It is, of course, understood that any of the convenient and well known techniques can be used in separating the glume, woody ring, and pith components of the cob from each other and that the grinding itself can be effected with conventional equipment, conveniently by means of an attrition mill operating at a speed of e.g. 1800 r.p.m. or other types of crushing machines.
My composition, in the form of a fine powder comprising the whole maize cob or the glume, woody ring and pith portions or mixtures thereof, alone as well as in admixture with bactericides, fungicides, analgetics and the like has been found to be extremely effective in the treatment of skin afllictions of the described character, is unexpectedly superior to prior art dusting powders, and is safe and simple to use.
And while my composition is described in terms of particular ingredients, particle sizes, and ranges of components, to be used, it is obvious that many modifications and variations in the nature and portions of the ingredients may be made without departing from the spirit and scope of the invention and only such limitations should be imposed as are indicated in the appended claims.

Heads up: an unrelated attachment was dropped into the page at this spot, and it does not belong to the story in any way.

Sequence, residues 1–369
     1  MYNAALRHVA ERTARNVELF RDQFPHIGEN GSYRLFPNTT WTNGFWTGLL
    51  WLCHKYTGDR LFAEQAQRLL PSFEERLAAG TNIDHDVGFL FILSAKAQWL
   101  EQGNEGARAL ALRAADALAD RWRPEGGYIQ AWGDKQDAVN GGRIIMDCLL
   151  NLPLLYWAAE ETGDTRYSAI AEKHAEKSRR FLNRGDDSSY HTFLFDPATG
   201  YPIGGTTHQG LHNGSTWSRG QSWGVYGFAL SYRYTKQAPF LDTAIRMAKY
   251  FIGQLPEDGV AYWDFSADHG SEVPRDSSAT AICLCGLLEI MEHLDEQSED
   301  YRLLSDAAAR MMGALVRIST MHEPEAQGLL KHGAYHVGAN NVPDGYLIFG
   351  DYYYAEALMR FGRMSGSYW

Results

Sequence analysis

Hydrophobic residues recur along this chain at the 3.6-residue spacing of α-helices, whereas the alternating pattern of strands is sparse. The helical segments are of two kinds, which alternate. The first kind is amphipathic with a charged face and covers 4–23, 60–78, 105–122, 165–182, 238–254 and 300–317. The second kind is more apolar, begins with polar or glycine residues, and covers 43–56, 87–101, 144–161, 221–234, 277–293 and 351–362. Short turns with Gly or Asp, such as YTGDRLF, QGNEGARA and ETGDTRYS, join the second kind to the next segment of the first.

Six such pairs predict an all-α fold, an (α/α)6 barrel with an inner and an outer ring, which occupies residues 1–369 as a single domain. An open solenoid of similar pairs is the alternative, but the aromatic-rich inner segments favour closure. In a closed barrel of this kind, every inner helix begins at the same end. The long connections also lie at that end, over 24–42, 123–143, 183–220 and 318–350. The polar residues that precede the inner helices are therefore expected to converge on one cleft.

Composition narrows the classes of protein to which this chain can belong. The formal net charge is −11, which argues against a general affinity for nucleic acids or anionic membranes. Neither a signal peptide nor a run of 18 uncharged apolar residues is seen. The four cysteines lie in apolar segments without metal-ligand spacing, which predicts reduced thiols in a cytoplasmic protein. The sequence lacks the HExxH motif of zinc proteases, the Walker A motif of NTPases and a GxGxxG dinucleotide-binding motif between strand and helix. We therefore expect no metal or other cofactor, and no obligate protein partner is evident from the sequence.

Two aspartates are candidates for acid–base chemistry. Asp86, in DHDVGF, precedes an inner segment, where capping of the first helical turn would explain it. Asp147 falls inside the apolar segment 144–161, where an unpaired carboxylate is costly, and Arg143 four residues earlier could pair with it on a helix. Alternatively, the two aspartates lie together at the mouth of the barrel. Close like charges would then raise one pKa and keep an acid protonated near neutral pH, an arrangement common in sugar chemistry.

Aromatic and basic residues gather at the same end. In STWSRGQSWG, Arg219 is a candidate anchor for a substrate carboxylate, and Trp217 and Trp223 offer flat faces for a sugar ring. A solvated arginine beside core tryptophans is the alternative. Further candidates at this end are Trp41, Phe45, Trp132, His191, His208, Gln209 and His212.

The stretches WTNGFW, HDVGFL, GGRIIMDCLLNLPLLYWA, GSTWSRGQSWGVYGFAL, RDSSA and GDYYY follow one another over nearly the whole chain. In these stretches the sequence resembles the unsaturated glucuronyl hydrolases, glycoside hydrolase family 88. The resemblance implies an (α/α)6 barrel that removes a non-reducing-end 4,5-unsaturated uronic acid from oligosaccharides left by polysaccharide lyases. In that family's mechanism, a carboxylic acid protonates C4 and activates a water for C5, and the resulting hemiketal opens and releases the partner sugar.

This is a continuation-in-part of my copending application Serial No. 378,690 filed September 4, 1953, now abandoned.
1. In the treatment of exudative dermatosis the improvement which comprises maintaining that zone of the skin where exudation occurs in contact with a finely divided composition in powder form, a major portion of which comprises at least one member selected from the group consisting of the glume, the woody ring, and the pith of maize cob, said member having a particle size such that the particles pass through a 100 mesh screen and are retained on a 400 mesh screen.
2. In the treatment of exudative dermatosis the improvement which comprises maintaining that zone of the skin where exudation occurs in contact with a finely divided composition in powder form a major portion of which is composed of at least one member selected from the group consisting of the glume, the woody ring, and the pith of maize cob, and a minor portion of a material selected from the group consisting of fungicides and bactericides.
3. A method of combating secondary infections and the development of odors associated with exudative dermatoses which comprises maintaining the exudative area of the skin in contact with a finely divided compo- 20 sition in powder form comprising a major portion of at least one member selected from the group consisting of the glume, the woody ring, and the pith of maize cob.